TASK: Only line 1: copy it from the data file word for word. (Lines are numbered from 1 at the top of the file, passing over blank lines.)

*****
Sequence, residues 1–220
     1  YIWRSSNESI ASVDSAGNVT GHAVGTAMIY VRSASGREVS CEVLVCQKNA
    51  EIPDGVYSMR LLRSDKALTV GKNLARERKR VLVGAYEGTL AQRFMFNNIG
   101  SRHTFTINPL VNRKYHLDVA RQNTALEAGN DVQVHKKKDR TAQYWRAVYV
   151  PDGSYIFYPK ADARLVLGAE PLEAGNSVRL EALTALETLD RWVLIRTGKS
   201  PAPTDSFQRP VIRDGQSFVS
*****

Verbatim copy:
Sequence, residues 1–220